If you prefer to address your issue with a home remedy before visiting a doctor, consider these options:
Shampoo for a smelly scalp
If dandruff or seborrheic dermatitis are contributing to the smell emanating from your scalp, it might be worth washing your hair and scalp with a shampoo specifically formulated for this purpose.
The American Academy of Dermatology (AAD) suggests using a product with one of the following ingredients:
If your first choice doesn’t seem to work, try a shampoo with a different active ingredient next.
You might also consider a few essential oils as a possible remedy. Some people find that tea tree oil, which is antimicrobial, is effective at treating conditions that cause a smelly scalp, like seborrheic dermatitis.
Apple cider vinegar
Apple cider vinegar has lots of fans for its various potential health benefits, which range from helping people manage their blood sugar levels to helping people lose weight.
But another key benefit of ACV is its antimicrobial properties. You may see some success in treating your scalp with apple cider vinegar.
If you have eczema, avoid using ACV. Additionally, some research suggests that certain people might experience irritation from using apple cider vinegar on their skin.
Try diluting it before applying it to your skin. Or, rub some onto the skin inside your elbow and wait for 24 to 48 hours to see if there’s a reaction before using it on your scalp.
If you have seborrheic dermatitis, consider using aloe vera as a home remedy. Research shows that it can be an effective treatment for managing this chronic condition for some people.
Aloe vera has been used for a variety of dermatologic and other conditions for thousands of years, as it’s known for its antiseptic and anti-inflammatory properties.
Could lemon juice be an antidote to your smelly scalp? Lemon juice has been shown to have antimicrobial qualities, which suggests that it could reduce some smell-generating bacteria lurking on your scalp.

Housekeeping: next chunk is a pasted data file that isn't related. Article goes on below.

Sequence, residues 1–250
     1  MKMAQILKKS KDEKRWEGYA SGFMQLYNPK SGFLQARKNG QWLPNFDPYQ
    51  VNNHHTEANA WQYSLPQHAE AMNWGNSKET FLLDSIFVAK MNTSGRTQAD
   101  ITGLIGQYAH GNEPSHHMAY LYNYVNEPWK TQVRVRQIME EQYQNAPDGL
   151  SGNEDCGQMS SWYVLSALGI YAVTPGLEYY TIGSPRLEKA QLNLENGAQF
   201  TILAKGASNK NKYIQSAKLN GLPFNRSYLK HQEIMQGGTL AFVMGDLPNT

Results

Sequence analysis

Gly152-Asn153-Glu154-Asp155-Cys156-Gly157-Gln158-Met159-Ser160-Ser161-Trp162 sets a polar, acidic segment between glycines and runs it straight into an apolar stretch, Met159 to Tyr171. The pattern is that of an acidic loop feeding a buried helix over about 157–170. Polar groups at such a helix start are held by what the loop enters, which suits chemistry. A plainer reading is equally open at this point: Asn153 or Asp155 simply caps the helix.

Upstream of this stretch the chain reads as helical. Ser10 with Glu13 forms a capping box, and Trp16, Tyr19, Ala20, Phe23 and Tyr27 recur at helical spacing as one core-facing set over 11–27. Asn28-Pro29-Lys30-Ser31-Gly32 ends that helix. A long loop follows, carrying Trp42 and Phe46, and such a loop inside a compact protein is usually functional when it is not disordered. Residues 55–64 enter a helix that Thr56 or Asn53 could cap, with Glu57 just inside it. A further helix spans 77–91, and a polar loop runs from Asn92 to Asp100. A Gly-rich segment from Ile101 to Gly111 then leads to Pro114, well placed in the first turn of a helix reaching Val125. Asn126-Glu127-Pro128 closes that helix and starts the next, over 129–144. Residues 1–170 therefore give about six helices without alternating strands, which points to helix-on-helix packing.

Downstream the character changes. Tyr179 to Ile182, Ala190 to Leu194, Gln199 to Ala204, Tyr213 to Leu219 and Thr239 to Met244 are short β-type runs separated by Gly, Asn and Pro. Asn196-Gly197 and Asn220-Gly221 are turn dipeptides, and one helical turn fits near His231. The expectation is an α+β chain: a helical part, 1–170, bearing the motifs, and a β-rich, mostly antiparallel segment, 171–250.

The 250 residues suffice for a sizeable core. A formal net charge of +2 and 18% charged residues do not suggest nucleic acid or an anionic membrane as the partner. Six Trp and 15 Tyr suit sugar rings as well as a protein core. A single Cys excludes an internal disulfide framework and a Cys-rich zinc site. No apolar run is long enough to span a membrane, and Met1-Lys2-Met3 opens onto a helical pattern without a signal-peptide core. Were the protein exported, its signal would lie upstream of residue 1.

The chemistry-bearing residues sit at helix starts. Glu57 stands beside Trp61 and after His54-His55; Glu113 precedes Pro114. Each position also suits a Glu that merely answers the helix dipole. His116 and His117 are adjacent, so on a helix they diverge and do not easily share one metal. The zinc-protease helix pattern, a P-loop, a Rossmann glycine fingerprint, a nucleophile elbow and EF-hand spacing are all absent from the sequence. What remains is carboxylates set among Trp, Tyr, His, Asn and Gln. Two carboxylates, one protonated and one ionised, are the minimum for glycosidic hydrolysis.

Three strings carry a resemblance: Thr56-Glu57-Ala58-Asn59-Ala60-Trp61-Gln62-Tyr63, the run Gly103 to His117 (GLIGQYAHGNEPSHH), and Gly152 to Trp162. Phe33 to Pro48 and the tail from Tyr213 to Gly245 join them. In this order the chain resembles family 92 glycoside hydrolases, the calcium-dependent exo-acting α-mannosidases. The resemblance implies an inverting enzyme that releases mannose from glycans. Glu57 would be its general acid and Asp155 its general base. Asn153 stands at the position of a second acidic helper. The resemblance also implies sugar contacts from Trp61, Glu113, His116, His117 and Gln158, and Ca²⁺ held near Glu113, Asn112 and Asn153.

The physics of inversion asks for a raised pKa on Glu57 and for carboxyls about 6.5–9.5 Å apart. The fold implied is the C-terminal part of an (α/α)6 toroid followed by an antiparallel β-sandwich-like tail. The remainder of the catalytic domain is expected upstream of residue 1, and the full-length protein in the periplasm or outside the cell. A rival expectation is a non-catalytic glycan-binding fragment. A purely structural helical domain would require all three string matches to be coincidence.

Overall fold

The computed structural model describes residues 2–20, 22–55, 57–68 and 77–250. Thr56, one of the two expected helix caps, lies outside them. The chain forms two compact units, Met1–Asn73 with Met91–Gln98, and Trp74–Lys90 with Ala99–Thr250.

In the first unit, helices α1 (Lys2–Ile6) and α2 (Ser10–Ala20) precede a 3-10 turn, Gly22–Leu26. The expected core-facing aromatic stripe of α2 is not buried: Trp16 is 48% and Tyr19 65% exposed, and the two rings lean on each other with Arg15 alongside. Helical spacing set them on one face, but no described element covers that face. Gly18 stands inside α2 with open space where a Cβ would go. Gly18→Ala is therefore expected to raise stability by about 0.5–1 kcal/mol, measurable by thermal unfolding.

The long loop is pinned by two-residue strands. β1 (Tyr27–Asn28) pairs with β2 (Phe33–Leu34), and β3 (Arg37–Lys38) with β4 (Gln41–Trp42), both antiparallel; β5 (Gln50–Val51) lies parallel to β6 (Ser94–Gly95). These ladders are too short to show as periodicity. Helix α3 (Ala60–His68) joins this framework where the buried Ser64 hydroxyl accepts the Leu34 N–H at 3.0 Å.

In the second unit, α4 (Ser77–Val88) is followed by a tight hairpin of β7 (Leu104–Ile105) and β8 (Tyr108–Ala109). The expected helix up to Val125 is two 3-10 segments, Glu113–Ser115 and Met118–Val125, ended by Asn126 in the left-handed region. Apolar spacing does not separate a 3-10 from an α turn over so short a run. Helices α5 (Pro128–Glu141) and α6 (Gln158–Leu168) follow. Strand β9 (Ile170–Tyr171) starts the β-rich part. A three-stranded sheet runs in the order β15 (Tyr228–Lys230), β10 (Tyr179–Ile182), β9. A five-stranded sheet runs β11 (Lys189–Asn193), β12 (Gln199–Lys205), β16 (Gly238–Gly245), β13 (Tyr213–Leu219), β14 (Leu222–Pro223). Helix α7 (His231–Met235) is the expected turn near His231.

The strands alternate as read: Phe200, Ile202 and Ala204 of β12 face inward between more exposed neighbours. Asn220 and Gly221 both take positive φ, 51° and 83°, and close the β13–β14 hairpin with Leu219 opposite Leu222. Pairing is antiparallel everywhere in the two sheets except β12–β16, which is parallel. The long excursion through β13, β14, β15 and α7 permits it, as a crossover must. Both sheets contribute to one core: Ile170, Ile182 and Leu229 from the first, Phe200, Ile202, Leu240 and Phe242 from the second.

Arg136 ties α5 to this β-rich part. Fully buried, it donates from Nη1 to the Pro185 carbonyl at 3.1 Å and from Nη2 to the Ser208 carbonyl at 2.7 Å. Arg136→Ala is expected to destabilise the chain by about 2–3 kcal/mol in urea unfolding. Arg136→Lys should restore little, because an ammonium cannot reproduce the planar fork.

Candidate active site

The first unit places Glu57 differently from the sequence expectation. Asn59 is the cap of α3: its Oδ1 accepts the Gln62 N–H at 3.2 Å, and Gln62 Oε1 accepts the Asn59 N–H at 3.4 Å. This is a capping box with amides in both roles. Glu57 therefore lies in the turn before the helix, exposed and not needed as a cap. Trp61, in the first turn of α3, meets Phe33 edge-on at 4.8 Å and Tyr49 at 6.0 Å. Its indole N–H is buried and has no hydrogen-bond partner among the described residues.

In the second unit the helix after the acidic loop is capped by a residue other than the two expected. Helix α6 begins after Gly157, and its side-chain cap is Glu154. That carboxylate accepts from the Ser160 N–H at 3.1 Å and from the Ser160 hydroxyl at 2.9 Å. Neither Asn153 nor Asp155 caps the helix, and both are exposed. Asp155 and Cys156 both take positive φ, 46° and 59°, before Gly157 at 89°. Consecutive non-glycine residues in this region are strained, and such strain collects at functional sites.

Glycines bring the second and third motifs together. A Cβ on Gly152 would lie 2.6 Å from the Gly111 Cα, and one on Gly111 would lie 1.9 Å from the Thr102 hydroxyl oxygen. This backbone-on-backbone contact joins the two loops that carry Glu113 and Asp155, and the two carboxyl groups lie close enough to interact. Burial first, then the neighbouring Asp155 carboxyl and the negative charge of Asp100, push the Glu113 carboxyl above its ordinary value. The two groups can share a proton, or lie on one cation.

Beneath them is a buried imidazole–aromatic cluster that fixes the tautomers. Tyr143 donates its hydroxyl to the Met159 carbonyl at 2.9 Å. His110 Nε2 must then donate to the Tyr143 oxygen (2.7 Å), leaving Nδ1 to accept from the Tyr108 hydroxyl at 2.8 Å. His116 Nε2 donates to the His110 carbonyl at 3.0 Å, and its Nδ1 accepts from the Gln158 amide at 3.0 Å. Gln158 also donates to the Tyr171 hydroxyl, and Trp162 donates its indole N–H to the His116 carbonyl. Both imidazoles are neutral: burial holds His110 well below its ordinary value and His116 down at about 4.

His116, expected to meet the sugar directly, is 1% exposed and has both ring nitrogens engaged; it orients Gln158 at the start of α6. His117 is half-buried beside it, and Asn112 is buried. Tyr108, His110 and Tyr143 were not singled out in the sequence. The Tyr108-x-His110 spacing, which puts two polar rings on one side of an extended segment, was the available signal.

Lemon juice is sometimes lauded for various positive effects it can have on your skin, but like many fruit acids, it can also be irritating and can make your skin more sensitive to sunlight. Use it with caution.
If home remedies aren’t effective, you should see a doctor. Depending on the cause, they may be able to recommend a medical treatment. For example, you might think you have dandruff, when instead it’s seborrheic dermatitis.
A doctor might suggest an oral antifungal medication, a medicated shampoo, or an antifungal cream on your scalp to attack the root cause of the condition.
If the cause is a fungus like Malassezia, the doctor might suggest a particular type of anti-dandruff shampoo containing pyrithione zinc, which research suggests should alleviate the problem.
There are a number of effective treatments for scalp psoriasis, including oral and topical medications. But many of them require a prescription.
If none of the strategies or treatments you’ve tried have reduced or eliminated the smell, make an appointment to see a doctor.
They’ll further evaluate more serious underlying conditions that may be present, and may recommend additional treatment.
If you’ve noticed a change in the odor of your scalp or hair, and there’s no obvious cause like a change in hair products, it might be worth consulting a doctor.
It could just be a matter of needing to wash your hair more often. But a chronically smelly scalp could indicate that some other condition is present that might warrant medical treatment.